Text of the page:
Mark was astonished to discover how much getting out in the sun, and being around people began to help. “It really did bring me back up,” he said. “I became a better caregiver and husband than I’d ever been before.”
He was even more surprised how much his photos were helping others. His social media pages began to fill with positive comments and reactions. Some said the photos were calming, inspiring, and empowering. They pulled Mark into conversations that began to pull him from the depths of his depression.
“The biggest mistake I made in cancer care was I isolated, I shut everything and everybody else out,” Mark said. “I withdrew into our world alone, the world of cancer, hospitals, doctors, and my wife, and I was slowly suffocating.”
If it is true that it is always darkest before dawn, Mark was soon to find out. As it became clear Judith was not going to survive, Mark was reeling, struggling to come to terms with the inevitable. That’s when he saw a ray of light in the reactions that his photos were getting online. The comments began to draw him out, helped him begin to reconnect, pulled him out of his hole, and most of all, made him feel a sense of purpose. When Judith died it became his lifeline.
Lost, consumed by grief, and alone, continuing his daily sunrise photography provided him with continuity, routine, and a sense of normal.
“I don’t want you to think I’m over the grief because I’m not,” he said. “It hits me every day. It doesn’t go away, but it tells me I must have loved someone a whole lot, and I sure did.
I feel her presence every time I see the sun rise. She’s the reason I put out this book, to honor her by sharing and helping others.”
The book is “Sunrise: A photographic Journey of Comfort, Healing and Inspiration.” It is a combination of Mark’s most stunning sunrise photos and an essay that brings it all into context. Dedicated to Judith’s memory, the book is for anyone coping with grief, depression or hopelessness.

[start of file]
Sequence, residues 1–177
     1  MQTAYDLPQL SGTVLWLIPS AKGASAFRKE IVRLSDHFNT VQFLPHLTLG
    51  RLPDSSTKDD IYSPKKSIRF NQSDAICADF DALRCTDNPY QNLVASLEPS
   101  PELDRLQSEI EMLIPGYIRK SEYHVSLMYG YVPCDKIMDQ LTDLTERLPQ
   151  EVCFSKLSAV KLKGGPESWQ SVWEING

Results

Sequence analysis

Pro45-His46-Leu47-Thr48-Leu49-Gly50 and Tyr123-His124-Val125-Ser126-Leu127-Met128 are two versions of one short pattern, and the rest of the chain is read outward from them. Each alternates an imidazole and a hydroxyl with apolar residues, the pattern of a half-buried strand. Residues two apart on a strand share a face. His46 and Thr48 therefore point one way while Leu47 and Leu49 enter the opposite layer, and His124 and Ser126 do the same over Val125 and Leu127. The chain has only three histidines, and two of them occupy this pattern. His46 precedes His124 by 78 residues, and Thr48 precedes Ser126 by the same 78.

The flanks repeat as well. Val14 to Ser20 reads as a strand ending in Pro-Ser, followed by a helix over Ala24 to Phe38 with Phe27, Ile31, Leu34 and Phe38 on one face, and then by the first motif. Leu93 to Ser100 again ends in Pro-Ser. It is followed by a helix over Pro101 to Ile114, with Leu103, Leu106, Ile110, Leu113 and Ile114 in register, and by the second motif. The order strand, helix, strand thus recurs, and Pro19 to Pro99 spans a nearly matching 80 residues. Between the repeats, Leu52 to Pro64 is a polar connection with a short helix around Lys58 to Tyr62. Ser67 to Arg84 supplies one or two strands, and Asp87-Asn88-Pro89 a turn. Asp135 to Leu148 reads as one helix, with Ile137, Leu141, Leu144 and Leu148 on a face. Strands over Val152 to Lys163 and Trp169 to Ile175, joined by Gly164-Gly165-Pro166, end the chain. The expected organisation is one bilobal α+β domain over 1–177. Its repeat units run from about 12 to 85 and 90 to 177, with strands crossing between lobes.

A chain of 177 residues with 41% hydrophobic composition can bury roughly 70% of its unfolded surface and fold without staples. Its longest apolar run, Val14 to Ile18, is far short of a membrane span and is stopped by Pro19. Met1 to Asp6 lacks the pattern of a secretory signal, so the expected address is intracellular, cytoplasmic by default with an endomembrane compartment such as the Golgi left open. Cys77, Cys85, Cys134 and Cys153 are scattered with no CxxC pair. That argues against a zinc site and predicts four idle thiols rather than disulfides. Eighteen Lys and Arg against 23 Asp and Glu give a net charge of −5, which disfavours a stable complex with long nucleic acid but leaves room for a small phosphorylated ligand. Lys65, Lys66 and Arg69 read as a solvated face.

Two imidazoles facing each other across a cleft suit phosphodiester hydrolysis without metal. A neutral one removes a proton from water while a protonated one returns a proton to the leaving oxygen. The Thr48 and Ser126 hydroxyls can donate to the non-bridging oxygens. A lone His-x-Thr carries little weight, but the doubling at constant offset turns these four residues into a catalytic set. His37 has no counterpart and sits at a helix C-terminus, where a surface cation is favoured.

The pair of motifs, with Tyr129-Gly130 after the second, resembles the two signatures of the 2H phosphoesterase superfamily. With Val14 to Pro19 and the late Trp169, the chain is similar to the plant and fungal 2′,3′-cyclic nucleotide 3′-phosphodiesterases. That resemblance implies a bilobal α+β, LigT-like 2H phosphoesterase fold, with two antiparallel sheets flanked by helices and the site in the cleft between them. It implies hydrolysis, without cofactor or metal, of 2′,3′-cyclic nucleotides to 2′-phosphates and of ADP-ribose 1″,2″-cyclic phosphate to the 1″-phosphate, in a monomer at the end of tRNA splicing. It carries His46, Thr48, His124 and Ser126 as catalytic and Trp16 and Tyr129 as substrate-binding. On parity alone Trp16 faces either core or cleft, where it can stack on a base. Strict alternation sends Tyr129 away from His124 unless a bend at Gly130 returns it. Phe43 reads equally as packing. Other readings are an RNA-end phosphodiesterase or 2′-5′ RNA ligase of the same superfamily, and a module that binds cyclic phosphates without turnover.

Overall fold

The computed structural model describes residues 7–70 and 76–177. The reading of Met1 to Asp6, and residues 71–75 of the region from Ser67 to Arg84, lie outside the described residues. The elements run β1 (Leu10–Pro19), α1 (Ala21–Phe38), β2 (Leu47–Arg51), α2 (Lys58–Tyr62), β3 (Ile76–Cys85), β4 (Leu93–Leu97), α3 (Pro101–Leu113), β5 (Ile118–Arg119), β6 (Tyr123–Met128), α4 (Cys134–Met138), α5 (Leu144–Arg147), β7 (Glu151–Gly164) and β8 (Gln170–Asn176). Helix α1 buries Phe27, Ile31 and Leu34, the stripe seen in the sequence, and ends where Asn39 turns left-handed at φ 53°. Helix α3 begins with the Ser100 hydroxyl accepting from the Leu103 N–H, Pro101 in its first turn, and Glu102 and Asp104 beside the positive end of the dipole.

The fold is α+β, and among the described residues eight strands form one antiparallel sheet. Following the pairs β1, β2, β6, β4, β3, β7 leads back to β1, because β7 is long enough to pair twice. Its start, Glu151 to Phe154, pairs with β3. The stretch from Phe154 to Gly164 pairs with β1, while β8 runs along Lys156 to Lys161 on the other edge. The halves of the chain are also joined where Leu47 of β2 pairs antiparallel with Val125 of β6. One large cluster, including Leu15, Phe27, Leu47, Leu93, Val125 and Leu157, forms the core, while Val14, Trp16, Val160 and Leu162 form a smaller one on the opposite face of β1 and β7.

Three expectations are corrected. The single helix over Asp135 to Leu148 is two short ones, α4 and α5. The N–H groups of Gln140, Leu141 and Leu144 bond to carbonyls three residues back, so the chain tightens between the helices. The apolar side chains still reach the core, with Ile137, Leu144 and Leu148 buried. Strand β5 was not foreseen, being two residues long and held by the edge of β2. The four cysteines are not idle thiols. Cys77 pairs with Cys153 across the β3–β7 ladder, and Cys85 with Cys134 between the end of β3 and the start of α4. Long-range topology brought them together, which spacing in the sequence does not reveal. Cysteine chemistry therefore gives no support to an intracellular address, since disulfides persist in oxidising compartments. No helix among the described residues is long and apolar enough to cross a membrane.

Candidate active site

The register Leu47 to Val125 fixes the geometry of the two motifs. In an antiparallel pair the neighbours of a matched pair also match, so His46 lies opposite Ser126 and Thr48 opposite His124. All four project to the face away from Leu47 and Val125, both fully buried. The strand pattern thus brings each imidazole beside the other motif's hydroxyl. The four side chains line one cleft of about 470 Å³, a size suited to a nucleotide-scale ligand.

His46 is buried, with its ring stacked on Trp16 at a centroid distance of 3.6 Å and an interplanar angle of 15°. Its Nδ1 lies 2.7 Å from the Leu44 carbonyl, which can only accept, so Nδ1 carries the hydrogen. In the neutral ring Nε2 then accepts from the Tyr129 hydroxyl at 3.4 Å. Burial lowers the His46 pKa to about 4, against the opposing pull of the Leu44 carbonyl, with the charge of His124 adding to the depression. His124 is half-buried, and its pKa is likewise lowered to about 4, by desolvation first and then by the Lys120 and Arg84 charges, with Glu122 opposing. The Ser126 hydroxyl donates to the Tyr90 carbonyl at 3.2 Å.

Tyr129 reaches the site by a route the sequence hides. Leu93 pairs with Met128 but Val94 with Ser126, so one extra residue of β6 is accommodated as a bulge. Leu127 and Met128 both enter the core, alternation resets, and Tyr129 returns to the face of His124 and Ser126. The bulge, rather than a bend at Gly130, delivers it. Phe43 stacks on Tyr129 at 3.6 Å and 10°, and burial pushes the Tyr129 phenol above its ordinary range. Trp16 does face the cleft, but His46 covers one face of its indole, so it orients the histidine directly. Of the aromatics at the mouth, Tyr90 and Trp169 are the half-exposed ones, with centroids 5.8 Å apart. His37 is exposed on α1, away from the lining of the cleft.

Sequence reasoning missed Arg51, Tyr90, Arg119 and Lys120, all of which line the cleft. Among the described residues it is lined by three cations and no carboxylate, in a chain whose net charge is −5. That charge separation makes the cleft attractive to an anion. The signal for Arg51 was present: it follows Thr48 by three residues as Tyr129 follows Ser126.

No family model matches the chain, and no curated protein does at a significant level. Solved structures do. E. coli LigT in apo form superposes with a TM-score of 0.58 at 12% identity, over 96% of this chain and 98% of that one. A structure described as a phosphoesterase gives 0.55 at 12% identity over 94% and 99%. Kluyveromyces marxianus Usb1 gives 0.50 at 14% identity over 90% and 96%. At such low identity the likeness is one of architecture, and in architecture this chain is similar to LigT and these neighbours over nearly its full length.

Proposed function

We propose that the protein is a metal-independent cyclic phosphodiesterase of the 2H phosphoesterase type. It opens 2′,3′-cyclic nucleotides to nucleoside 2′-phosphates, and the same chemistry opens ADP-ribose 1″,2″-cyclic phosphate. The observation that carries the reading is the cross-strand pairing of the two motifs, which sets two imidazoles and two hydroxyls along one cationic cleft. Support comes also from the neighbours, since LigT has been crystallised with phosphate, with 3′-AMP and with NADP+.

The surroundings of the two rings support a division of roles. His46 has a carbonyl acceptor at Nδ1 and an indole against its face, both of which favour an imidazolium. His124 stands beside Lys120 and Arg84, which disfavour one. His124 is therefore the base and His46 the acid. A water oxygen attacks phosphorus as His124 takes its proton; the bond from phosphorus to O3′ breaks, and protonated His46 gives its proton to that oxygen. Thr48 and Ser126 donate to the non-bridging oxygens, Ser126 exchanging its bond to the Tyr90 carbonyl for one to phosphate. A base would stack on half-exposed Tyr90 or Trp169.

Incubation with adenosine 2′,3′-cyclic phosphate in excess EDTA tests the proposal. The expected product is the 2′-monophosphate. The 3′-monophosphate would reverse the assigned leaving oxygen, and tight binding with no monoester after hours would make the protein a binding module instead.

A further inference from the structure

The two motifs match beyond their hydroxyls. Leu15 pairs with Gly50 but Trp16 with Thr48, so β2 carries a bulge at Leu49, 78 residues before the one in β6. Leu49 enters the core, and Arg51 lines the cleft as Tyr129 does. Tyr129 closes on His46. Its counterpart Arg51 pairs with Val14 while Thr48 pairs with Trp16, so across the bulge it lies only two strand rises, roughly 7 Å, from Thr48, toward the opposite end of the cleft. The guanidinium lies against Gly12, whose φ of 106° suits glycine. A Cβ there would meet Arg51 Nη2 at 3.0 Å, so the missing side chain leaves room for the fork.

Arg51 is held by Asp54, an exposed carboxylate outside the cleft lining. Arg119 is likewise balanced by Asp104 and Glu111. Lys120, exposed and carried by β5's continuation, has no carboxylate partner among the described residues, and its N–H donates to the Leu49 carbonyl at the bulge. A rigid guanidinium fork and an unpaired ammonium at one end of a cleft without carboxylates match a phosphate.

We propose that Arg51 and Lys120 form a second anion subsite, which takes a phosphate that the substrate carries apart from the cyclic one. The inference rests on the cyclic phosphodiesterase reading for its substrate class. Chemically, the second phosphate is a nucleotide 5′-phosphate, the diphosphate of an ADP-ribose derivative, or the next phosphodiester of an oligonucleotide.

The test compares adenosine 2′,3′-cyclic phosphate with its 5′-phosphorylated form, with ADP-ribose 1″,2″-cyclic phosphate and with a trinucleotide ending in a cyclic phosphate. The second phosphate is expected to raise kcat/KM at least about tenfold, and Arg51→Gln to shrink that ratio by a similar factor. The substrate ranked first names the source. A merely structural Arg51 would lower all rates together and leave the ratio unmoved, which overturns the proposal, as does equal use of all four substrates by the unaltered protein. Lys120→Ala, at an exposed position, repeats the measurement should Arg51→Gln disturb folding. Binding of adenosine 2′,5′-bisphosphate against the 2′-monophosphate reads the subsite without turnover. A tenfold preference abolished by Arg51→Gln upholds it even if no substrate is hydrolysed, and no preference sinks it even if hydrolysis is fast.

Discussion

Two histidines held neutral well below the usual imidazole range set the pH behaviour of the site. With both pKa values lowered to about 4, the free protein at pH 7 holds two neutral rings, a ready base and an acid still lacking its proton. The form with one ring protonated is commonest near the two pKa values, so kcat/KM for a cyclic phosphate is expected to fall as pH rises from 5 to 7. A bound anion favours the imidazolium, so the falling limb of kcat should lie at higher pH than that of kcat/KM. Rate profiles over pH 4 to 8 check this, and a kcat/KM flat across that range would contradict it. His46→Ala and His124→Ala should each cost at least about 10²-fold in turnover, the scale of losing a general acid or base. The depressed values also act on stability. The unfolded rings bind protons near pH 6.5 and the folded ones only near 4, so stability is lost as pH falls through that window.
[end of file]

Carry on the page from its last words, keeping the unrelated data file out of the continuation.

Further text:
“It’s not a cancer book and it’s not a journalism book,” Potter said. “It’s a book of uplifting photos for anyone who finds comfort in them. I think when the pictures are combined with the story of why they were taken it is empowering.”
Of all the stories Potter has told in his career it is not lost on him that this one, told after his retirement, may be his most significant. It has been four years since Judith died, and Mark still gets up before 5 a.m. to photograph the sunrise. His book,
“Sunrise,” has given him a renewed purpose, a way to honor his wife’s legacy, a chance to encourage countless others, and to share what he has learned about life.
“The message is we all have hard times and have to figure out how to get through them,” said Potter. “I think the best way is to find a purpose in your life that honors the person you’re missing and helps others. You’re never going to lose your grief, but the response you get will help you move forward. And remember, every day there’s a new sunrise and it is always darkest before the dawn.”
This article is featured in the Winter 2023 issue of The Growing Bolder Digital Digest.